*For additional background on the ETF ranking system see NTSM Page at…
I would avoid iEAFE; currently its 120-dMA is declining.
Recommended ETF Portfolio of top 3:
1. Financial Select Sector SPDR (XLF)
2. iShares U.S. Aerospace & Defense (ITA)
3. iShares Russell 2000 (IWM)
Industrial Select Sector SPDR ETF (XLI) has actually moved slightly ahead of IWM into 3rd.  Let’s see if it holds before changing the recommendation.
Also, the Technology Select Sector SPDR ETF (XLK) is close to the others.
I have not yet established a position based on the ETF Ranking; I am waiting for a better entry point. Neither IWM nor XLI will perform well in a pullback.
SHORT-TERM TRADING PORTFOLIO - 2017 (Small-% of the total portfolio)
Rydex 2x Short S&P 500 (RYTPX): Established 6 Dec.
2x Short S&P 500 (SDS): Established 16 Dec.
Long Volatility ETN (VXX): Established 6 Jan 2017.  
Now I wish I had tightened trading rules sooner. I am underwater again!
-“In a bull market, you can only be long or neutral.” – D. Gartman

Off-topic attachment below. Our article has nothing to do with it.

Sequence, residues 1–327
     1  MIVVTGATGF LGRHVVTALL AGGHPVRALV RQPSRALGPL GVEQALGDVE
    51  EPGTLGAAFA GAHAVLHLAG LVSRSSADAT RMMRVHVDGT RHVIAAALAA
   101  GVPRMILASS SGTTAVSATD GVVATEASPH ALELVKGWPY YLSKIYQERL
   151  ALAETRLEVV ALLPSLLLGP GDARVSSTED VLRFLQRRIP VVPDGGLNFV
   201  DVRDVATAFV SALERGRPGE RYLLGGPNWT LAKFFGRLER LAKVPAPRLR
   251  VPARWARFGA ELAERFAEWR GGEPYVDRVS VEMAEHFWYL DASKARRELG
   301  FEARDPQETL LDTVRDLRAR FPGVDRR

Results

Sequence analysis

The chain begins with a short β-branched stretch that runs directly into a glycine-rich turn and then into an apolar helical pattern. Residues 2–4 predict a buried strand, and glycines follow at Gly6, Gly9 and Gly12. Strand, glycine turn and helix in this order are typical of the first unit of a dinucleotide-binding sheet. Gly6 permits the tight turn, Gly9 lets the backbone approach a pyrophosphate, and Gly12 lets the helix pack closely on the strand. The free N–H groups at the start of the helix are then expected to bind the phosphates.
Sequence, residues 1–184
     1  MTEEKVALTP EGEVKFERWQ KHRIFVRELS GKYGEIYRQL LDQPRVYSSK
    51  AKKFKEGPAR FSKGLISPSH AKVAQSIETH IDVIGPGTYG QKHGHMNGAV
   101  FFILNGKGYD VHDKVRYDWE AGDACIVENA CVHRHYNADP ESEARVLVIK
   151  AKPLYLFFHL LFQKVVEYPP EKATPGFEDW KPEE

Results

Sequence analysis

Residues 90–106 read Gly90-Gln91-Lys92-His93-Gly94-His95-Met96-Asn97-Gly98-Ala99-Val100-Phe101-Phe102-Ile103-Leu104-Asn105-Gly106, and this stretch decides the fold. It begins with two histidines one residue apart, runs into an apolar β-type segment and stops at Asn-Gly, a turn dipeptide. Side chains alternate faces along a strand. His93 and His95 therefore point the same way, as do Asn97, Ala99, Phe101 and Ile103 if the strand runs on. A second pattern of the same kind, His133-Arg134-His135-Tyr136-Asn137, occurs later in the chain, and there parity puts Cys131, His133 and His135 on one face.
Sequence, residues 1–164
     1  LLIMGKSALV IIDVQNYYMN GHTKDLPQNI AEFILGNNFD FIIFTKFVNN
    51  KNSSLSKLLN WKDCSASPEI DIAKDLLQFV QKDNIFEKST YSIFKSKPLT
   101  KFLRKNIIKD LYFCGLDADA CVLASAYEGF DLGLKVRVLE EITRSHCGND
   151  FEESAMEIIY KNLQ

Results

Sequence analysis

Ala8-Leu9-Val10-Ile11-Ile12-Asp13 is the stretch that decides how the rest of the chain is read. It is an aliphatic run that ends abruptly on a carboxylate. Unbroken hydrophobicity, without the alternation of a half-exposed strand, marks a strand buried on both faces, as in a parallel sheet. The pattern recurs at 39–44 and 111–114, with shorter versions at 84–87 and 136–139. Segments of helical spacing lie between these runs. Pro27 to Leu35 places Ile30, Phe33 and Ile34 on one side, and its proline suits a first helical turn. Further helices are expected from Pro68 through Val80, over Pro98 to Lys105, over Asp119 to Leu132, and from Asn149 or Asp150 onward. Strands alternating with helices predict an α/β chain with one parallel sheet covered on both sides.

-“The best policy is to avoid shorting unless a major bear market is underway and downside momentum has been thoroughly established. Even then, your timing must sometimes be perfect. In a bull market the trend is truly your friend, and trading against the grain is usually a fool's errand.” – Clif Droke.
 “There are two kinds of forecasters. Those who don’t know, and those who don’t know they don’t know.”- John Kenneth Galbraith.
Market Internals switched to Neutral on the market.
Market Internals are a decent trend-following analysis of current market action, but should not be used alone for short term trading. They are usually right, but they are often late.  They are most useful when they diverge from the Index.  In 2014, using these internals alone would have made a 9% return vs. 13% for the S&P 500 (in on Positive, out on Negative – no shorting). 
Tuesday, Volume was positive; Sentiment, VIX & Price indicators were neutral.
I increased stock allocation to 50% stocks in the S&P 500 Index fund (C-Fund) Friday, 23 Sep 2016 in my long-term accounts. Remainder is 50% G-Fund. This is a conservative retiree allocation.